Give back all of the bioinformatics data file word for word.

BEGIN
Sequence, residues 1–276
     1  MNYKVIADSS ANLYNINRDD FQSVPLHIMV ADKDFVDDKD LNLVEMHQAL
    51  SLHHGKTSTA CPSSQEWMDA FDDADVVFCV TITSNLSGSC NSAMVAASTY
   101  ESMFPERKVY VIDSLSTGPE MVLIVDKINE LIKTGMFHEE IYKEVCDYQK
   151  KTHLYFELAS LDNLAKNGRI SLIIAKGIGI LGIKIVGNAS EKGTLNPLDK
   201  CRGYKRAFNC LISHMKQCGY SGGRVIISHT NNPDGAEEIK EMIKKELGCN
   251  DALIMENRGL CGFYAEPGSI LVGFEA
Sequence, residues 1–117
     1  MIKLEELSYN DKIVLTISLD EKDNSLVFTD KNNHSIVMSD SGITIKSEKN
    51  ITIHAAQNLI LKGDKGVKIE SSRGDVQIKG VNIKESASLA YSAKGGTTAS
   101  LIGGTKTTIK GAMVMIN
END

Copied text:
Sequence, residues 1–276
     1  MNYKVIADSS ANLYNINRDD FQSVPLHIMV ADKDFVDDKD LNLVEMHQAL
    51  SLHHGKTSTA CPSSQEWMDA FDDADVVFCV TITSNLSGSC NSAMVAASTY
   101  ESMFPERKVY VIDSLSTGPE MVLIVDKINE LIKTGMFHEE IYKEVCDYQK
   151  KTHLYFELAS LDNLAKNGRI SLIIAKGIGI LGIKIVGNAS EKGTLNPLDK
   201  CRGYKRAFNC LISHMKQCGY SGGRVIISHT NNPDGAEEIK EMIKKELGCN
   251  DALIMENRGL CGFYAEPGSI LVGFEA
Sequence, residues 1–117
     1  MIKLEELSYN DKIVLTISLD EKDNSLVFTD KNNHSIVMSD SGITIKSEKN
    51  ITIHAAQNLI LKGDKGVKIE SSRGDVQIKG VNIKESASLA YSAKGGTTAS
   101  LIGGTKTTIK GAMVMIN